In March, Senator Bernie Sanders sponsored a resolution to deny Trump war powers authority to intervene in Yemen. It failed, by a vote of 55-44. At press time, the Senate is considering a bastardized version of Sanders’ bill which does not call for a halt to U.S. military assistance and would actually increase the president’s authority to expand military intervention around the world.

The bourgeois media in the U.S. rarely reports on the war, or U.S. participation, and there is little public pressure on the Trump administration or Congress to end the carnage. In contrast, people in Norway, Belgium, the Netherlands and Germany have hit the streets demanding and winning, at least temporarily, a ban on selling bombs and bombers to Saudi Arabia.

Blood for oil. The highly valued prize in this blood-soaked conflict is control of transport lanes over which a huge amount of the world’s oil supply travels.

The Saudi princes, the imperial U.S. president and the European Union want a pipeline across Yemen from Saudi Arabia to the Arabian Sea. They want to avoid using the Strait of Hormuz, which Iran regularly threatens to close, and they can do this if they can send oil to the Suez Canal via the Red Sea.

Between 2009 and the advent of the 2011 Arab Spring uprising, one Yemeni president was run out of the country and his replacement was forced out of office. Fearing loss of control over the country, the Saudis entered the civil war to reinstall their puppet and hold off their Iranian competitors in the region.

Throughout it all, U.S. and European weapons dealers have been raking in the dough, exchanging bombers and war technology for Saudi oil money. The Yemenis are just collateral damage in the latest imperialist slaughterhouse.

Bitter fruits of British and U.S. imperialism. Yemen’s mild climate and arable land made it a target of both British and Ottoman conquerors. The rise of Arab nationalism led Yemen to declare its independence from the Ottoman Empire in 1918. North Yemen became a republic in 1962, but it was not until 1967 that the British withdrew from what became South Yemen. In 1970, the south declared itself the Peoples Republic of Yemen and aligned with the Soviet Union. In contrast to the north, it was a workers state, with full employment, literacy programs and rights for women. However this regime collapsed in 1990 along with the Soviet Union and civil war erupted after a brief period of reunification between the north and south.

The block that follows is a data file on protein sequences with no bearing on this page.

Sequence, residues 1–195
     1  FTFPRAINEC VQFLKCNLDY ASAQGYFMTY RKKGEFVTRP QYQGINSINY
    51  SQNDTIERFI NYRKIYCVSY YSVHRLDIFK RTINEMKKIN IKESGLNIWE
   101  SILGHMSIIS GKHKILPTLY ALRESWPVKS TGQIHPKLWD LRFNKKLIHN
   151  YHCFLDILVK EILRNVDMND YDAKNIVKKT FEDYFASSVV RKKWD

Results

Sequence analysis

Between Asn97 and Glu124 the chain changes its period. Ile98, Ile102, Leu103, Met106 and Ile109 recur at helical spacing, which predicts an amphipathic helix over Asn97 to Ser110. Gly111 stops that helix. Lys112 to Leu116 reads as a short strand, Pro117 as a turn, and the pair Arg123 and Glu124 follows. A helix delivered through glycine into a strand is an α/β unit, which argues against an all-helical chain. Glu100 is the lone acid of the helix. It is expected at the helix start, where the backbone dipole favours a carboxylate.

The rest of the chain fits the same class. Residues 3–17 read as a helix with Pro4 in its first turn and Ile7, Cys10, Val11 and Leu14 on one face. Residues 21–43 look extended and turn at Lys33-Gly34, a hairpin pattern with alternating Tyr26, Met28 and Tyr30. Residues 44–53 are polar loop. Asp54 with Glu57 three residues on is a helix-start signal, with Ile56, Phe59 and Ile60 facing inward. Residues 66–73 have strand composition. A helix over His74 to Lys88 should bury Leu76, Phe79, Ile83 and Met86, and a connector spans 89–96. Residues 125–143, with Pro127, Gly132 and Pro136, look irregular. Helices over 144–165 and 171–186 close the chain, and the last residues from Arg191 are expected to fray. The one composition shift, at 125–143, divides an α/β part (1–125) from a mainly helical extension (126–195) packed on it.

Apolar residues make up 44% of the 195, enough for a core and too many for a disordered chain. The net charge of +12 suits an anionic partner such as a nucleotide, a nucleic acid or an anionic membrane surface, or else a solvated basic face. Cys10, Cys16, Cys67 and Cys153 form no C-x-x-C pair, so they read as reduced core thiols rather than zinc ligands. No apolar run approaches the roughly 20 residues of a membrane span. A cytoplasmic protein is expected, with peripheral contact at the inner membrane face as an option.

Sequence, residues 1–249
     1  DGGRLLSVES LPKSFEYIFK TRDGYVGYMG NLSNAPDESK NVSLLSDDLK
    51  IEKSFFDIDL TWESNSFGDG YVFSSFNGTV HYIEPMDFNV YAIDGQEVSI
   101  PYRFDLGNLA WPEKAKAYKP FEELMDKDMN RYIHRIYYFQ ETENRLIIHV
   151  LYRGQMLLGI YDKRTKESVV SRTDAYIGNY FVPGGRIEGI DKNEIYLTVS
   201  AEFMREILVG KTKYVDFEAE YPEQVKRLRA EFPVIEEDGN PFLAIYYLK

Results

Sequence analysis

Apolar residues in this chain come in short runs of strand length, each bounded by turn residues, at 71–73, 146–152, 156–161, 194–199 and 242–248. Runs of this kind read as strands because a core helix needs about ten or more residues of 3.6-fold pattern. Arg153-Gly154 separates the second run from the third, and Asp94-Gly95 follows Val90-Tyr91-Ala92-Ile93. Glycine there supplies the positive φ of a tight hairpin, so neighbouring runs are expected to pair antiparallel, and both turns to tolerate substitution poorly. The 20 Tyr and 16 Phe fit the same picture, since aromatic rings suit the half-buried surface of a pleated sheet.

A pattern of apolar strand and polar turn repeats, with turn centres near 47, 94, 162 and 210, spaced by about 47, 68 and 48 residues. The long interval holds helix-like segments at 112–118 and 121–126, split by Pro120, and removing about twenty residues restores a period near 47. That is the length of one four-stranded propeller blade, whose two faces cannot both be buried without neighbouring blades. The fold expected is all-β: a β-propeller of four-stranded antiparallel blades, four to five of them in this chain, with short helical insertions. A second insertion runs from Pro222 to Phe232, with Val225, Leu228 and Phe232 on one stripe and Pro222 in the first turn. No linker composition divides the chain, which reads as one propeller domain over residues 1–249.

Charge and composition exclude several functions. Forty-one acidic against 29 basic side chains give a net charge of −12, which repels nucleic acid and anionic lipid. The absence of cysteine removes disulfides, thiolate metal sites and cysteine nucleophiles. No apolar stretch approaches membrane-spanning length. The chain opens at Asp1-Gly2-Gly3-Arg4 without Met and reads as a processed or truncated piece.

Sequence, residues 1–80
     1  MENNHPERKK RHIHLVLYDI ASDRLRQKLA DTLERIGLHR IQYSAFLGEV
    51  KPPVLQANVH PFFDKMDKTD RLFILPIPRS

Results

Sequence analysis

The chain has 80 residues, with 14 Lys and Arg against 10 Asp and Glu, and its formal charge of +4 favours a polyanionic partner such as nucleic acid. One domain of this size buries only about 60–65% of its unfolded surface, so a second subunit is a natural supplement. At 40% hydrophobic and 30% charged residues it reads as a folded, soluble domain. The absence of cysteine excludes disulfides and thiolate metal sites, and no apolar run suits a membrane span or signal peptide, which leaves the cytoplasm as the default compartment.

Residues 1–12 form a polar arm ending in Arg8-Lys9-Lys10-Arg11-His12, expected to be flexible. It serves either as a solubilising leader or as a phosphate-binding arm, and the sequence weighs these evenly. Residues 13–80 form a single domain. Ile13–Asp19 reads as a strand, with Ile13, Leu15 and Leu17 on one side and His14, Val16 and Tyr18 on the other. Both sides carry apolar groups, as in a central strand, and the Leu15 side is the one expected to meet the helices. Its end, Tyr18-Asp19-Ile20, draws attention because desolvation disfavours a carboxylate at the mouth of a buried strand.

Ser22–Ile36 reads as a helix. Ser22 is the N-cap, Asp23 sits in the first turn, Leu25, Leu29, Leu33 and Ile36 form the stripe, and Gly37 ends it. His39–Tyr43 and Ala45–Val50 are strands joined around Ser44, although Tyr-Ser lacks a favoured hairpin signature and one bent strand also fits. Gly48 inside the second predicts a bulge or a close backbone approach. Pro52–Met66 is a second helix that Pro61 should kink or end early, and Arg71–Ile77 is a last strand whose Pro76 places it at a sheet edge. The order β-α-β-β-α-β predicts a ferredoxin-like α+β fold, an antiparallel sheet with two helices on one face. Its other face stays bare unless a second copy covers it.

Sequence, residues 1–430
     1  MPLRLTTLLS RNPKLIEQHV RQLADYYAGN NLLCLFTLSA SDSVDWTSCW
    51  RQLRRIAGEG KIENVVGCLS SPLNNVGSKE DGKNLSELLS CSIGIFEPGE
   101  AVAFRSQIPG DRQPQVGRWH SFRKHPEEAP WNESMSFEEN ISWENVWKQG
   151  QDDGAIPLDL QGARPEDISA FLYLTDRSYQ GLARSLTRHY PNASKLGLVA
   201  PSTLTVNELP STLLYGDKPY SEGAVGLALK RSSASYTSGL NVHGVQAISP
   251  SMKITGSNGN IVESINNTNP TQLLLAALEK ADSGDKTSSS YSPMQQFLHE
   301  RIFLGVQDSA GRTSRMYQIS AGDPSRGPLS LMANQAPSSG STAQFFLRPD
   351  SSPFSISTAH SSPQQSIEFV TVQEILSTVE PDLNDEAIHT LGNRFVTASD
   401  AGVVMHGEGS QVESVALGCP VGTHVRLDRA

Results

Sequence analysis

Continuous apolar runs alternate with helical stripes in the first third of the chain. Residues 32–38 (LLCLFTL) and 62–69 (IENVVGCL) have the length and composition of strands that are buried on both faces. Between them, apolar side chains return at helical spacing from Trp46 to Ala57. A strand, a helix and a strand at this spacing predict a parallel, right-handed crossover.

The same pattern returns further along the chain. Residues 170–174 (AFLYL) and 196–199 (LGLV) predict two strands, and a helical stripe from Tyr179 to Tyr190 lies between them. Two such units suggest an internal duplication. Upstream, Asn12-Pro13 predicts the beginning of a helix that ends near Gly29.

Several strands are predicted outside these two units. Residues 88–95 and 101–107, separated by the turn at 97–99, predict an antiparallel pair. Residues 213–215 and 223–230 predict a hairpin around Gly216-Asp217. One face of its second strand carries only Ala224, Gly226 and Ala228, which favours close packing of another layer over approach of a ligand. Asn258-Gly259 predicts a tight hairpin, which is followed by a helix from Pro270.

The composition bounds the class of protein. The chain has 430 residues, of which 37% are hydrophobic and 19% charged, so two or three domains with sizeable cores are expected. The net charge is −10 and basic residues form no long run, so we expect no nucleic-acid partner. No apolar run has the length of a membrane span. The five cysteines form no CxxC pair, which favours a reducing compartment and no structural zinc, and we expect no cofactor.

Now whatever progress was made in the south during the workers state has been erased as the country is being reduced to rubble by internally warring factions and the invaders’ bombs. Sadly, the people of Yemen have again become targets, hostages and pawns in imperialist battles for wealth and control.

End the arms traffic. The tragedy unfolding in Yemen will only end when people in the U.S. and Europe force their governments to get out of the lucrative armaments business — and Yemen. They owe the forced migrants this war has created a safe place to call home. Yemen has always been poor, but has also helped those fleeing war, starvation, environmental or man-made disasters. It is time to return the favor.